Vacation Times

Just to let my dear friends know..It is vacation time for me starting next week as I fly back home, to India, and will be there till September 15.

Having said that, I wish to call some of you up. So please drop me a line to my email with your contact details, if you can..We can graduate to email pals.

Bornonafriday@gmail.com

Now why born on a Friday, you may ask. That is another story:)

My Story

This story goes back to my school days in Bombay, now Mumbai, where I grew up. The 4 storeyed building where we stayed had around 72 tenants. Each tenant had a home of 450 square feet that included a living room, a kitchen and a bathroom.The ground floor had an assortment of shops that had 2 laundry shops, 2 clinics, 3 groceries, a tailor, a medical shop, a co-operative bank, classrooms of a school and now to the central character of this story, the civil supplies ration shop.

The locality spread across roughly 30 plus acres was called Abhyudaya Nagar which had around 45 such buildings, and also had the Kalachowky police station quarters  opposite our building. The nearest railway station was Cotton green. To serve these tenants, around 3000 and amounting to an average of 15000 people, we had 6 or 7 such ration shops in the locality.

Since this particular ration shop was in our building, in my running around the building during play time and my weekly visits to buy our monthly ration of rice, sugar, kerosene and sometimes wheat, I became friendly with the owner of the shop, who also acted as the cashier. His job was to check the ration card, similar to a bank’s savings pass book and give out necessary receipts after collecting the payment. There was another person to help him dole out the ration to the customers as they came in whenever any or all of the above mentioned commodities was made available.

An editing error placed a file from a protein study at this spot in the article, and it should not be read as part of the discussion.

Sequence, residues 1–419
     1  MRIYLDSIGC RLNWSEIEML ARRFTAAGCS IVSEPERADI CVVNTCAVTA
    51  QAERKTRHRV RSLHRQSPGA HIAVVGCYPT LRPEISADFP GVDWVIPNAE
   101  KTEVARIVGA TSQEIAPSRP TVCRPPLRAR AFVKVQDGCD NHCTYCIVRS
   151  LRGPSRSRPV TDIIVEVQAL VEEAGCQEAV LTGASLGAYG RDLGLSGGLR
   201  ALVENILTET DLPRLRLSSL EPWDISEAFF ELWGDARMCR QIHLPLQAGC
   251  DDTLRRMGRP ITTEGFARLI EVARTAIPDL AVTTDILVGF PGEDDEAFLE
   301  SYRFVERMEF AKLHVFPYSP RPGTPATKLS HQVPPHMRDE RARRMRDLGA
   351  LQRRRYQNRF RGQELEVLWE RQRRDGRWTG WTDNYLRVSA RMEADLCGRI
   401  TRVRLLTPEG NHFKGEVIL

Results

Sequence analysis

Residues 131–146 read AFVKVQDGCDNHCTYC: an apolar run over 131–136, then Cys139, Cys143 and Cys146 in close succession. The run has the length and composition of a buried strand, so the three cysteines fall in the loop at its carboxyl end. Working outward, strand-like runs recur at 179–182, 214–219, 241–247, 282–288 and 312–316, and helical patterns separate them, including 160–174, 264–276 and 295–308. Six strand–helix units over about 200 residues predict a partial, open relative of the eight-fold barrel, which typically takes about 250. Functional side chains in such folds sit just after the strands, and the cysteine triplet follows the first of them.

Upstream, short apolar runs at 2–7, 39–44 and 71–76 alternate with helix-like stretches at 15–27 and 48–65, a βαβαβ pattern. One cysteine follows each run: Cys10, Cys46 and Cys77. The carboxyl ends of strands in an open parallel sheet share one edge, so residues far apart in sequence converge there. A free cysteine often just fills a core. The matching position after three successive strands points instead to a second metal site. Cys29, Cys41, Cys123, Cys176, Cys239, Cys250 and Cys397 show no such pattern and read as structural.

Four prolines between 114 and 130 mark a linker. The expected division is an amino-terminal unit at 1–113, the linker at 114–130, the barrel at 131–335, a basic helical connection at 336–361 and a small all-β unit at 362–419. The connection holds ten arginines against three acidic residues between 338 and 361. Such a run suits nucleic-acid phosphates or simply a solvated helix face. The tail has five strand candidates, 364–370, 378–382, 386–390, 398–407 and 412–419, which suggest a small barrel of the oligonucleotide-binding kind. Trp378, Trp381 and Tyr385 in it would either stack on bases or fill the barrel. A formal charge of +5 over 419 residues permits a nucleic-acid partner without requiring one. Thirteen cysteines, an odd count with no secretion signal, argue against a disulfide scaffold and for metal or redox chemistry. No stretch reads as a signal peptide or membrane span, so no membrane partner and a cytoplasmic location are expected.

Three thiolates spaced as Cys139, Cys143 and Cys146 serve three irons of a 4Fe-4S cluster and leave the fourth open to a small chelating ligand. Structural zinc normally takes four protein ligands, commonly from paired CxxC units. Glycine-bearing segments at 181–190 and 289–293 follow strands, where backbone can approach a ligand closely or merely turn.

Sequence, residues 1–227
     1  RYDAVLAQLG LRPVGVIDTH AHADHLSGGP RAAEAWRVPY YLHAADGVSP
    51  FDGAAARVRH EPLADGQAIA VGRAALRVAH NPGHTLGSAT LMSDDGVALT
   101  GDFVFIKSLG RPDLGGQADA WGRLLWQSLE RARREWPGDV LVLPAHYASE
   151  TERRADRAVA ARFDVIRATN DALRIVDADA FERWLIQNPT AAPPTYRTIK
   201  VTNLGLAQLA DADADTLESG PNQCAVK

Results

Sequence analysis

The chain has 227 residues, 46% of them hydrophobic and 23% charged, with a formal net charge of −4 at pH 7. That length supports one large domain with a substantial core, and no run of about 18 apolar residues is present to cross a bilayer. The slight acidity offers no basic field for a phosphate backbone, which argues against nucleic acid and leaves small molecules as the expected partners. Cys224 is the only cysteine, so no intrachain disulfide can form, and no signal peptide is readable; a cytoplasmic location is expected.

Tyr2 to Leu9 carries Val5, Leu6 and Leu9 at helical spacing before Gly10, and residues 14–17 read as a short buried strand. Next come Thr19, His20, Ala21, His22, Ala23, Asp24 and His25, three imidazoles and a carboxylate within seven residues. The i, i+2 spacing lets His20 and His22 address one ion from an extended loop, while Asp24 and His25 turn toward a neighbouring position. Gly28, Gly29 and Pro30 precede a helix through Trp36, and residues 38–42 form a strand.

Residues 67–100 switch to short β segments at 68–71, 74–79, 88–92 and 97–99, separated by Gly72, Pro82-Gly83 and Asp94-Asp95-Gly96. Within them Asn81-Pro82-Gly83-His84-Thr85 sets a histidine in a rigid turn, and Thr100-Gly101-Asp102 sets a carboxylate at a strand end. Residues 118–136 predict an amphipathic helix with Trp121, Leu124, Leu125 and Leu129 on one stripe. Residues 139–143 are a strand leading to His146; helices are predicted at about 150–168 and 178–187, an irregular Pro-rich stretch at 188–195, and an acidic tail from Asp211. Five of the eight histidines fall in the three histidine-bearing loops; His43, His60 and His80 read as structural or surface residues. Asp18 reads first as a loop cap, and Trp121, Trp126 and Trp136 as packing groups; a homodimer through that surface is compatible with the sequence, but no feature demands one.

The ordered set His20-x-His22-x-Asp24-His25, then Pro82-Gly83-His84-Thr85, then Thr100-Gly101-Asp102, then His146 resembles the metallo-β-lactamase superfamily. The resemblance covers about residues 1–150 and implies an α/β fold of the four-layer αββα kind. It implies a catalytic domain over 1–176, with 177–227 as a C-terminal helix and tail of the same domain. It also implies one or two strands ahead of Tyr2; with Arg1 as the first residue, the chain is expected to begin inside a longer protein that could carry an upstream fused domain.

The wheat, sugar and rice came in jute gunny bags on lorries or trucks. Kerosene used to come to these shops on bullock carts from the nearby Sewri Indian Oil godowns at a distance of 3 kms. A 500 litre tank was drawn by one bullock, and sometimes the 1000 litre tank that made its appearance to these shops were drawn by 2 bullocks. In those days, the rationing for kerosene, priced at 1.20 INR per litre, was anything from 20 litres for a small family for a month or more based on the number of members listed on the ration card.

Since kerosene was a scarce commodity and strictly available only in ration shops during the early late seventies and early eighties, people used to flock to these shops in great numbers whenever such carts made their visits to the shops. At such occasions, during my playtime that would start at 3 pm to 5:30 pm, I sometimes used to volunteer for support to give the grains and sugar to such customers, since the only man was busy managing to give kerosene and grains at the same time. The shopkeeper liked me coming, since as I was known to him, and did not mind me helping him and thereby increasing the throughput and reducing the waiting time of customers in the queue.

I never went every day, as I could now remember but made it a habit of chipping in only when the kerosene carts came and when the queue was more than 15 to 20 people. Some people especially ones from my building was only too glad to see me serving them. There was one occasion when an old woman from the police quarters who blessed me saying, “Son, you will be never be want of food in your life for what ever help you are rendering to us”. It was during those formative years that I learnt my initial customer service and support lessons.